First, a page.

Coming Soon: In the After Light by Alexandra Bracken

in the after lightTitle: In the After Light

Author: Alexandra Bracken

Series: Darkest Minds #3

Genre: Teen Dystopian

Release Date: October 28, 2014

The OverviewRuby can’t look back. Fractured by an unbearable loss, she and the kids who survived the government’s attack on Los Angeles travel north to regroup. With them is a prisoner: Clancy Gray, son of the president, and one of the few people Ruby has encountered with abilities like hers. Only Ruby has any power over him, and just one slip could lead to Clancy wreaking havoc on their minds. They are armed only with a volatile secret: proof of a government conspiracy to cover up the real cause of IANN, the disease that has killed most of America’s children and left Ruby and others like her with powers the government will kill to keep contained. But internal strife may destroy their only chance to free the “rehabilitation camps” housing thousands of other Psi kids. Meanwhile, reunited with Liam, the boy she would-and did-sacrifice everything for to keep alive, Ruby must face the painful repercussions of having tampered with his memories of her. She turns to Cole, his older brother, to provide the intense training she knows she will need to take down Gray and the government. But Cole has demons of his own, and one fatal mistake may be the spark that sets the world on fire.

in the after light

 Hosted by Breaking the Spine

 I don’t know about you, but I’m incredibly interested to see how this trilogy wraps up. I love the whole concept behind this series and especially love the effortless voice in which it was written. My favorite part of the series so far are the incredibly lovable side characters. Ruby is a great protagonist, but her sidekicks really do steal the show, and I am most excited to see where they wind up. October can’t come too soon! :-)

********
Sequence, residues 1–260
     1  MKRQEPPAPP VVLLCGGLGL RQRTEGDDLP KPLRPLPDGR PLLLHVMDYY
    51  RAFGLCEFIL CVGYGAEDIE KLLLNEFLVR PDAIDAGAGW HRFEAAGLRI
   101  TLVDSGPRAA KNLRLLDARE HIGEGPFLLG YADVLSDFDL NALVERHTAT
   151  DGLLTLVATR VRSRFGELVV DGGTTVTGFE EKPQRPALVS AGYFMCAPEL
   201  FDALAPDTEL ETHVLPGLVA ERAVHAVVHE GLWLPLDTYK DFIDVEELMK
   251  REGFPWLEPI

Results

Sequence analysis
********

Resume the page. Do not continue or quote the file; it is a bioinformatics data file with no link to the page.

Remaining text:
What book are you waiting on?

by Niki Hawkes


Book Review: Never Fade by Alexandra Bracken

NeverFade by Alexandra Bracken

NeverFade by Alexandra Bracken

Title: Never Fade

Author: Alexandra Bracken

Series: Darkest Minds #2

Genre: Teen Fantasy

Rating: 4/5 stars

The Overview: Ruby never asked for the abilities that almost cost her her life. Now she must call upon them on a daily basis, leading dangerous missions to bring down a corrupt government and breaking into the minds of her enemies. Other kids in the Children’s League call Ruby “Leader”, but she knows what she really is: a monster.